Despite preconceived notions about the hardy nature of most cacti, saguaro have proven to be rather specific in their needs. They are limited in their growth and distribution by the availability of water and warm temperatures. Saguaro, especially young individuals, cannot tolerate periods of prolonged frost. Additionally, germination and seedling survival occur most frequently only during the wettest years. In fact, one study showed that successful years for reproduction in these beloved cacti were tied to volcanic eruptions that cooled the climate just enough to allow the young saguaro to become established.

Outside of volcanic eruptions, saguaro appear to have friends in the surrounding vegetation. Studies have shown that saguaro seedlings seem to do best when growing under the shade of trees like the palo verde (Parkinsonia florida), ironwood (Olneya tesota), and mesquite (Prosopis velutina). The microclimates produced by these trees are much more favorable for saguaro growth than are open desert conditions. In essence, these trees serve as nurseries for young saguaro until they are large enough to handle more exposed conditions. Their nursery habits are not mutually beneficial however as research suggests that saguaro eventually compete with the trees that once protected them for precious resources like nutrients and water.

Saguaros outgrowing their palo verde nurse tree. 

Saguaros outgrowing their palo verde nurse tree. 

At roughly 35 years of age, a saguaro will begin to flower. Flowers are small compared to the size of the cactus but they are abundant. Most flowers are produced at the apex of the cactus and it is thought that the growth of saguaro arms is largely a way of increasing the reproductive potential of large individuals. The flowers are cream colored and night scented. They open in the evening but will stay open and continue to produce nectar well into the morning hours.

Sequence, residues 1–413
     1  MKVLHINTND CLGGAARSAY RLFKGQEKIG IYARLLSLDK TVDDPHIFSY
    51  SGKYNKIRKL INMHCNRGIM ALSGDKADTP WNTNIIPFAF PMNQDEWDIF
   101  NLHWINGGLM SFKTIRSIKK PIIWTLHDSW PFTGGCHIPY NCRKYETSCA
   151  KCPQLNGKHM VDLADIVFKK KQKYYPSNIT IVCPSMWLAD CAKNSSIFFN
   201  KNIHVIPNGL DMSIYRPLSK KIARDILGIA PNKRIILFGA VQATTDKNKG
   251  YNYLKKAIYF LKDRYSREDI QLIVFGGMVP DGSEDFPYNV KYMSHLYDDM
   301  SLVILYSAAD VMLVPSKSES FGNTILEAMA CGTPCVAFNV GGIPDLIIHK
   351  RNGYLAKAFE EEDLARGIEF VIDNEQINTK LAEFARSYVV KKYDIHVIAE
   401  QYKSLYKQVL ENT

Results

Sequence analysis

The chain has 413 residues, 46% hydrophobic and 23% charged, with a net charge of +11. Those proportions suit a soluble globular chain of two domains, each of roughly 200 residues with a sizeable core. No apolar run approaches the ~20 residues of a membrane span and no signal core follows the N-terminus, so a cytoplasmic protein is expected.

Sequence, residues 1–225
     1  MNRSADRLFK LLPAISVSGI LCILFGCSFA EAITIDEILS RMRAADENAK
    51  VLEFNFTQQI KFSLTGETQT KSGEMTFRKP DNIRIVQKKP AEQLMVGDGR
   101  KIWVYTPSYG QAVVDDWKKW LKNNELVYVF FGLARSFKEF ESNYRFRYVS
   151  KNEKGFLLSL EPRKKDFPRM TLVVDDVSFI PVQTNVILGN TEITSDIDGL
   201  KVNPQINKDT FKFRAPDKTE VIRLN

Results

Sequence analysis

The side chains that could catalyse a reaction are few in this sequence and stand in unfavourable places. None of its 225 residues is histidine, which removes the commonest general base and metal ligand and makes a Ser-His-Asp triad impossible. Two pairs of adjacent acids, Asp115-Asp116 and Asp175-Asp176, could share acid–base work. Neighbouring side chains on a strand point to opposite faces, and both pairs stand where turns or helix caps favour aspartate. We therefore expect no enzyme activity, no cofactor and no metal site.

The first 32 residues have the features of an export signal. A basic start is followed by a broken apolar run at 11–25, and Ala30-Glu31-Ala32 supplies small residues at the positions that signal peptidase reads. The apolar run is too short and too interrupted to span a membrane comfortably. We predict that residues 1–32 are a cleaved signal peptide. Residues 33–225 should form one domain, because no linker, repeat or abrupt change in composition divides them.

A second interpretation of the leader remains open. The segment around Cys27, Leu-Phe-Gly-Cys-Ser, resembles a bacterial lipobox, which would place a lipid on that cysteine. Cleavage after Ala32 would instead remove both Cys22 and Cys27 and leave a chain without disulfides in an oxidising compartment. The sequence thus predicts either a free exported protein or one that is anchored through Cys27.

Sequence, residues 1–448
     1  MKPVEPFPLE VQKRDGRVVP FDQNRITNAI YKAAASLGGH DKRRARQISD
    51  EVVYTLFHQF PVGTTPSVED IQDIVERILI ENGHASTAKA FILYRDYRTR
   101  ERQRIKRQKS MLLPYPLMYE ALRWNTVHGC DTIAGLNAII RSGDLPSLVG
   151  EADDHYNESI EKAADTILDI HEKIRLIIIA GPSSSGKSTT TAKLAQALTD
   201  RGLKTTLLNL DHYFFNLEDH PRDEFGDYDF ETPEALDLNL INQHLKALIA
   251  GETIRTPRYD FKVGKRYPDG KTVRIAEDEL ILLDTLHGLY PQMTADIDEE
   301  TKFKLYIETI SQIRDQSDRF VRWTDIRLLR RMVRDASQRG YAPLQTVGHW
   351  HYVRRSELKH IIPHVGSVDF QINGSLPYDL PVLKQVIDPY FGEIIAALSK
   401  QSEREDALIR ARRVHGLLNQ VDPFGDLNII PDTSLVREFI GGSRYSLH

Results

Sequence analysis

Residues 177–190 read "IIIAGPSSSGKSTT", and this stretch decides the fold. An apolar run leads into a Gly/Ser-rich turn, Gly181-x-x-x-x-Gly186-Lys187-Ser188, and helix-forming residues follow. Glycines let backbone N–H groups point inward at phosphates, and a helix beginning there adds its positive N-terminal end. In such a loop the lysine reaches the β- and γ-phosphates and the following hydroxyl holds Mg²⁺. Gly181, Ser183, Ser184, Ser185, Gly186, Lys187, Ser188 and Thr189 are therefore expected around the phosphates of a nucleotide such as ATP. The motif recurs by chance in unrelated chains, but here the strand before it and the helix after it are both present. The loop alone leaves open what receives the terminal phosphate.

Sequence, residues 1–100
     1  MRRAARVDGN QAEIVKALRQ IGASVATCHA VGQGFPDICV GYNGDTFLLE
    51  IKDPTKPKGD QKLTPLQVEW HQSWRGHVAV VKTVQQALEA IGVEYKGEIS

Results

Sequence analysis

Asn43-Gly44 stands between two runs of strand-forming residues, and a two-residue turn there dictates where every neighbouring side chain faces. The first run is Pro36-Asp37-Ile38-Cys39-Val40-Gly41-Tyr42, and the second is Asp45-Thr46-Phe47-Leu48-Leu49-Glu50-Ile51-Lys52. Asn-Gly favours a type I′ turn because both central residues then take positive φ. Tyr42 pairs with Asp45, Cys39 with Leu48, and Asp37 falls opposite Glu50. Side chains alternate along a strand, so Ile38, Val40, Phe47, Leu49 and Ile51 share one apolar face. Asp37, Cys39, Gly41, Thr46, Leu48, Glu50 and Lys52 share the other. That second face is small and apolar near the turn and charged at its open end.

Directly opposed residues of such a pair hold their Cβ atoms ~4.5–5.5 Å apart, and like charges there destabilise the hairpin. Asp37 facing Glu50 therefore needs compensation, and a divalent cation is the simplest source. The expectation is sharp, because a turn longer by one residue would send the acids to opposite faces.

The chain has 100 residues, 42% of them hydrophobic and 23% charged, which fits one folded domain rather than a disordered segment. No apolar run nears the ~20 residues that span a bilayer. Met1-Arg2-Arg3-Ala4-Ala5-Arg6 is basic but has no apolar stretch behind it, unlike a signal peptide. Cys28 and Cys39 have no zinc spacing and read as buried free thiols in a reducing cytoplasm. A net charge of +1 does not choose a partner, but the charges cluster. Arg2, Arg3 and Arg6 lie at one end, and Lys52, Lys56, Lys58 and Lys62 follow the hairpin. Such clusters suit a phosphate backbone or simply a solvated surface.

Though a wide variety of animals will visit these flowers, the main pollinators are bees during the day and lesser long-nosed bats at night. Interestingly, it has been found that certain amino acids within the nectar of the saguaro can actually help female bats sustain lactation while raising their young, making them a valuable food source for these flying mammals. Catering to such a broad spectrum of potential pollinators is thought to have evolved as a means of increasing seed set. Each saguaro ovary contains many ovules and the more pollen that makes it onto the stigma, the more seeds will be produced.

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A lesser long-nosed bat pollinates a saguaro bloom.